The Securities and Exchange Commission (SEC) has scheduled an open meeting of the Commission to address several regulatory issues including an update to the current definition of an Accredited Investor.
Regarding the Accredited Investor definition the SEC states it will consider:
“whether to adopt amendments to the definition of “accredited investor” in Commission rules and the definition of “qualified institutional buyer” in Rule 144A under the Securities Act to update and improve the definition to identify more effectively investors that have sufficient financial sophistication to participate in certain private investment opportunities. The amendments are the product of years of efforts by the Commission and its staff to consider and analyze possible approaches to revising the accredited investor definition.”
Currently, an Accredited Investor is determined off a wealth metric. An individual who earns over $200,000 a year, or has a net worth of over $1 million (minus their primary residence), is deemed accredited. If the individual is married, the salary metric rises to $300,000. Individuals who are accredited may participate in certain exempt offerings like securities issued under Regulation D – an enormous market of over $1 trillion annually.
While the wealth metric is currently in place in an attempt to defend individuals the government believes are not capable of making these types of investment decisions, it is widely believed the metric misses the mark as sophistication is obviously a far better metric.
Individuals who have the experience, or education, to assess investment risk are understandably better positioned to make decisions on more esoteric investment opportunities.
As private markets have boomed, and public securities have waned, a generation of retail investors has been boxed out of some of the most promising investment opportunities. Some observers believe the current definition has exacerbated the wealth disparity as private securities have grown in popularity for institutions and the very wealthy. Even in light of this, some individuals believe the government should make it more difficult for even highly sophisticated individuals to purchase private securities.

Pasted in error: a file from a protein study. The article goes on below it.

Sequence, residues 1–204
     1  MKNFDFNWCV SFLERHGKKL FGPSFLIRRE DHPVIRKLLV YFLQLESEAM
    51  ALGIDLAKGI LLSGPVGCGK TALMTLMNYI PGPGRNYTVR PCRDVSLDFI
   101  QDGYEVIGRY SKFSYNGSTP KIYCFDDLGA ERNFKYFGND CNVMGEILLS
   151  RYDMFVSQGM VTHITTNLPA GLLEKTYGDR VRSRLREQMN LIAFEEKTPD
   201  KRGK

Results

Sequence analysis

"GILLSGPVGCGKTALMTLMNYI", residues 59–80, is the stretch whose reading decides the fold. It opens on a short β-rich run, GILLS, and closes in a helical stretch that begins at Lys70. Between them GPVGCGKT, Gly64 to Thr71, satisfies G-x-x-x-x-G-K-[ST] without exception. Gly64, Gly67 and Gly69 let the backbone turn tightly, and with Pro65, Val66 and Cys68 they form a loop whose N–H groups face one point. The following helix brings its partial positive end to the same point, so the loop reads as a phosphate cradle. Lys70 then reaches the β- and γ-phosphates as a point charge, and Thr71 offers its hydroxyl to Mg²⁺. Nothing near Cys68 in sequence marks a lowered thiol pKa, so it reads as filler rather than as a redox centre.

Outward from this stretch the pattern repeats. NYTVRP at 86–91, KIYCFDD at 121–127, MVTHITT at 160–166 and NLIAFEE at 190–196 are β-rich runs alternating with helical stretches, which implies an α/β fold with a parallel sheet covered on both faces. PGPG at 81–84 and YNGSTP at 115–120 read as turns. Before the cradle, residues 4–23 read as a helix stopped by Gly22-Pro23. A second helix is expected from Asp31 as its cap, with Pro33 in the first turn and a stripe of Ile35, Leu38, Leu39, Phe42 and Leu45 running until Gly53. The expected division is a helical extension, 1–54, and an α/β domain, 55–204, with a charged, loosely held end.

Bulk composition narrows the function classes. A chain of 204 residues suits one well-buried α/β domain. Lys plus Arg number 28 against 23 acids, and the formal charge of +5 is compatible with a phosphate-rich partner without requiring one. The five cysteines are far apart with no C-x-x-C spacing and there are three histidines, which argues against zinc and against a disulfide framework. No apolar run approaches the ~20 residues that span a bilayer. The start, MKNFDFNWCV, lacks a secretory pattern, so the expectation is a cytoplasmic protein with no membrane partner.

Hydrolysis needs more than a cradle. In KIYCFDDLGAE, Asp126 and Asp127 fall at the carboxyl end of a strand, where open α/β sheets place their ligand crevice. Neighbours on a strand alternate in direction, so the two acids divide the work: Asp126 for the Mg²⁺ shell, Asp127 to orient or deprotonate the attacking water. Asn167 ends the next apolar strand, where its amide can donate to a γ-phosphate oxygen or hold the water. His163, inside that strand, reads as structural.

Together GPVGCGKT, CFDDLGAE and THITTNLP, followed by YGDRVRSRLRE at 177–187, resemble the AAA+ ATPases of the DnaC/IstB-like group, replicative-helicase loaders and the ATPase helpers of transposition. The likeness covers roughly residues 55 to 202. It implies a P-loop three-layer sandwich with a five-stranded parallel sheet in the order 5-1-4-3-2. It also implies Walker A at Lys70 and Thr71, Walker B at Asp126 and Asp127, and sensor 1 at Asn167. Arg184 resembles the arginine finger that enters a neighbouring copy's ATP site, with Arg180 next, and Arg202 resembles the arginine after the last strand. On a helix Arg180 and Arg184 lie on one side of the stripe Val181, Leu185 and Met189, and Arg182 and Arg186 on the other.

Any update or change to the definition will be closely watched by the industry engaged in capital raising including online capital formation.
The second item to be considered by the Commission is:
“whether to adopt amendments to modernize the description of business, legal proceedings, and risk factor disclosures that registrants are required to make pursuant to Regulation S-K. These disclosure items, which have not undergone significant revisions in over 30 years, would be updated to account for developments since the rules’ adoption or last revision, to improve disclosure for investors, and to simplify compliance for registrants. Specifically, the amendments are intended to improve the readability of disclosure documents, as well as discourage repetition and the disclosure of information that is not material.”
Regulation S-K reporting requirements have become increasingly arcane. The Commission may attempt to make reporting requirements more approachable to a wider audience.
The meeting of the Commission will take place on August 26, 2020, at 10 AM ET and is open to the public as it will be live-streamed on the SEC website.